O F L O V E A N D R I T U A L
I’m having a Tibetan moment while thinking about moments of confrontation, when I have to explain to others why I don’t hold any beliefs, why I don’t believe in belief, and why I’m more interested in immediate perception and experience, rather than belief.
Belief presupposes a central idea, and I’m more interested in thresholds. I’m interested in modes of tricking our perception so we can see more than what we come to believe. Thresholds are shifting like quicksand. Beliefs are tiresome.
Believing also presupposes a process that is anchored in establishing a false antinomy: If you don’t believe anything, or in anything, you must be a bad person, lacking moral spine.
I have to admit that I don’t have time for beliefs. Beliefs are like vampires sucking all the blood out of you. Beliefs entice people to act on this principle: ‘Often wrong, but never in doubt’.
I like doubting. I dote on doubting. Doubting is the threshold on point. The very condition for the existence of the threshold is doubt: Now you see it, now you don’t. What’s that again?
Let me start over. Something about a paradox. Ah, yeah, the Tibetan moment. Well, I was having this moment while performing something dubious, at least according to those who are always certain of everything – if they saw me, that is.
Well, ‘love exists,’ they like to go, and I go, ‘really? Are you sure about it?’ ‘I experience it’, they insist, falsely assuming that love, as the opposite of hate is something we experience as beneficial. ‘Without love we would all be doomed,’ the belief goes, and it’s a strong one.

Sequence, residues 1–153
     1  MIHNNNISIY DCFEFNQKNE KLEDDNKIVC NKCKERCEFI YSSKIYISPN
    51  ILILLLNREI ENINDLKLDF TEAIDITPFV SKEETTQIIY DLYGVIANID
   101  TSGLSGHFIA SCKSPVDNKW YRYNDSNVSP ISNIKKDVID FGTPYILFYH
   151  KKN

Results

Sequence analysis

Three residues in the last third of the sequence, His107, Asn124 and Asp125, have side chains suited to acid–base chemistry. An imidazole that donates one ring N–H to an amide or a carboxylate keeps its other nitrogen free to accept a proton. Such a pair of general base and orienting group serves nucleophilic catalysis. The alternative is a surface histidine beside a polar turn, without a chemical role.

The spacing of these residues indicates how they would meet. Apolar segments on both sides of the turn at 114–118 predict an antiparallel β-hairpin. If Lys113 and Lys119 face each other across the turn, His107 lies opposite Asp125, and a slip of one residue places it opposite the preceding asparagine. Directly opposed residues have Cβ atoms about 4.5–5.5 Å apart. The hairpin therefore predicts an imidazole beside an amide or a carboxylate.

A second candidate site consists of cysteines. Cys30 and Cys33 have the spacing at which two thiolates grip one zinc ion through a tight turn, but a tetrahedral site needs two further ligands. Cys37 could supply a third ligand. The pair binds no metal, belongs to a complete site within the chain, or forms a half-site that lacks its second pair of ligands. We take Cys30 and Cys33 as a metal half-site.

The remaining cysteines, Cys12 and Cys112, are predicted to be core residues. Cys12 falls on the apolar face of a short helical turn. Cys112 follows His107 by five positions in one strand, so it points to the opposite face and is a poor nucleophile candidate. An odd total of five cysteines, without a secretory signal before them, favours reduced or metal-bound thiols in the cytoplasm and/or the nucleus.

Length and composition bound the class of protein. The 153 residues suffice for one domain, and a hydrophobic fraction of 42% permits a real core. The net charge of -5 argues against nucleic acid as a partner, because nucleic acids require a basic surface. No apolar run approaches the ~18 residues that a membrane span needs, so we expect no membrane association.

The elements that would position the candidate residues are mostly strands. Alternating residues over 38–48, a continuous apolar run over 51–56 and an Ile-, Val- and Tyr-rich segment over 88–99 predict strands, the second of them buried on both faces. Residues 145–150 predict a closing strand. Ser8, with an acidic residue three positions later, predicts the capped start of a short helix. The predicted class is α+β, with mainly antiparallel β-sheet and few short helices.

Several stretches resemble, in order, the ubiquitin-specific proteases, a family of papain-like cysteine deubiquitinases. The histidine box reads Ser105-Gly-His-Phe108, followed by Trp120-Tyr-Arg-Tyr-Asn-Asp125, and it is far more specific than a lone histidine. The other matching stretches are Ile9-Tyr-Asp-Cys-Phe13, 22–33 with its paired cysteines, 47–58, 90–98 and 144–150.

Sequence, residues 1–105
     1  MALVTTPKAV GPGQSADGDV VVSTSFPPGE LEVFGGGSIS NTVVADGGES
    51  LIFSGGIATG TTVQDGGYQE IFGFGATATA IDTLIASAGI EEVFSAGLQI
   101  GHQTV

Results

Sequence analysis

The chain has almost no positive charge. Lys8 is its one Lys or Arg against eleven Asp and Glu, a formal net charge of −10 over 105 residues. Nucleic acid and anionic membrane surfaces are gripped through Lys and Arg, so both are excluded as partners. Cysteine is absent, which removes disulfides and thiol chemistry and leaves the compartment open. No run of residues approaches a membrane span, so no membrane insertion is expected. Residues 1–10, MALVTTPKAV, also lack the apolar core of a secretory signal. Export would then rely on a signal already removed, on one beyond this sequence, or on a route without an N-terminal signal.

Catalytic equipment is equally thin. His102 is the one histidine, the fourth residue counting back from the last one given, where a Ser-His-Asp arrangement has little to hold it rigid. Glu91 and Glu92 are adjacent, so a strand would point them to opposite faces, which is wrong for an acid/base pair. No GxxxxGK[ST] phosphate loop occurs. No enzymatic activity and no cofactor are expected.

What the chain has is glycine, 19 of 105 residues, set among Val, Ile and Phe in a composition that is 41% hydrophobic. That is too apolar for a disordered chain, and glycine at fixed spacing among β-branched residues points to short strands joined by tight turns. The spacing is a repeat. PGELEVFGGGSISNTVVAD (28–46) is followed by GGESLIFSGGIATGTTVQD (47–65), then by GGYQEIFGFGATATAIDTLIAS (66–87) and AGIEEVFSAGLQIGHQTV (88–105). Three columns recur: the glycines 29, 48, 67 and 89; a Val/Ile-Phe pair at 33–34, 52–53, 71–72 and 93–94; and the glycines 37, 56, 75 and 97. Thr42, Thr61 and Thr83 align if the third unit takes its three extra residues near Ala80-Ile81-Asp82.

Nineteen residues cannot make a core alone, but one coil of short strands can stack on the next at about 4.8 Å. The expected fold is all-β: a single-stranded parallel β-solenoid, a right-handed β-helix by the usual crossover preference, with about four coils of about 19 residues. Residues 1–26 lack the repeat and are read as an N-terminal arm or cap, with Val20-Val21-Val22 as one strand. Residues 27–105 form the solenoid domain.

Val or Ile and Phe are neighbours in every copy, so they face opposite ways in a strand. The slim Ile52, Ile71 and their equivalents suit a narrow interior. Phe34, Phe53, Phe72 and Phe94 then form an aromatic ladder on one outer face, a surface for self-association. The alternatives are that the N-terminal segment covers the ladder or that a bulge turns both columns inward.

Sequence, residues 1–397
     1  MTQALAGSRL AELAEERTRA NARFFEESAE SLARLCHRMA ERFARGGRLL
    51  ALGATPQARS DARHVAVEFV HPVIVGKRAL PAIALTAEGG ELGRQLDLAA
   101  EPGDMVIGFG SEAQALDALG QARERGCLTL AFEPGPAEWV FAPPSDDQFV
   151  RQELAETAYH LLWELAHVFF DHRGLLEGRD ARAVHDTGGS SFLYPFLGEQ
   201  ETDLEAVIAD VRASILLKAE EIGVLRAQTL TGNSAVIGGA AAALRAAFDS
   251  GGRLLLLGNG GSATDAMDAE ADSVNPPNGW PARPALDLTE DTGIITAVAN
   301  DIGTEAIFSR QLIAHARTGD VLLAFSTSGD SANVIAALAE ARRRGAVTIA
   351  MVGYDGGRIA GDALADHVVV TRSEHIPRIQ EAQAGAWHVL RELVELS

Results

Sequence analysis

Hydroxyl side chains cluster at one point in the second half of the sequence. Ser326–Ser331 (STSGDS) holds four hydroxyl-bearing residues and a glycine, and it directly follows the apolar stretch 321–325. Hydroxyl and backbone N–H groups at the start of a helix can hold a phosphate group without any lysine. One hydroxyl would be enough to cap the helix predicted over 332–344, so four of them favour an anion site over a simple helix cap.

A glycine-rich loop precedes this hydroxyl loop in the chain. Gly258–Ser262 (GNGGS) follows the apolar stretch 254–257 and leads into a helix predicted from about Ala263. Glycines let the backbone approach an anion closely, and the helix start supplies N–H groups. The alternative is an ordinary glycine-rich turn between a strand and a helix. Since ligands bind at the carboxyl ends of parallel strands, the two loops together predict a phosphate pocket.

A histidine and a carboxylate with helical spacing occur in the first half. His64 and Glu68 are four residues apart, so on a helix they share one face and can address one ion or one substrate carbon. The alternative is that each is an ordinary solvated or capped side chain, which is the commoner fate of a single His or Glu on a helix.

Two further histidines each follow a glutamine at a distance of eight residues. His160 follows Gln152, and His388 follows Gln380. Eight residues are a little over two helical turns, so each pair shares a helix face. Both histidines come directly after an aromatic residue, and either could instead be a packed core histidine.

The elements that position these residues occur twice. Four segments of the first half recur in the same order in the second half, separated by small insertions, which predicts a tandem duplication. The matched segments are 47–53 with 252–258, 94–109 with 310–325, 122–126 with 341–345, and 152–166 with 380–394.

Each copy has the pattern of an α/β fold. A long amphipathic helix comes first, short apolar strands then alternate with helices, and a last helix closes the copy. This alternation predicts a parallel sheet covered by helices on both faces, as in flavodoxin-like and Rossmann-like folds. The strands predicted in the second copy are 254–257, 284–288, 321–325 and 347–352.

I don’t operate with dualist concepts where experience is concerned. I don’t ‘do’ either love or hate, or any of the other terms in the dualist vocabulary. Hence I’m suspicious of love holding any privileged position. I’m suspicious of totalities, and grand narratives, and systems that explain everything.
Where was I, ah, yeah, I keep forgetting, the Tibetan moment. Must leave Marx behind for a second. So, here I was today, placing a whole arsenal of ritual objects on my table, and smoking the lungs out of myself, just ritual sticks, yet all carefully picked according to the foremost alchemical principles of separation and unification.
Dualism is important in ritual. Without light and dark you can’t get to the stage where you can exclaim in a moment of recognition: ‘Man, what a mighty mirror I am. The whole me is a mirror!’
At this point my nose was picking up on the octave that catapulted me to indigo state, the fire of the earth, and I went into a trance at the sounds of the semantron, the Romanian toaca played by a monk, now nicely captured on video and going viral on Facebook.
Yes, the Tibetan moment. Well, I guess it’s another story, but let me just say this: Experiencing life without qualifiers gives us a sense of what channels of manifestation we operate with when we measure our living against beliefs. I go ritually about this act of measuring, and then check.
My gaze, is it penetrating? Like a brilliant ray of the sun. Check.
My word, is it penetrating? Like a thundering sermon in church. Check.
My touch, is it penetrating? Like the Devil’s be-gloved hand, holding up a tulip. Check.
I think that was Tibetan enough. The love. Or was it ritual?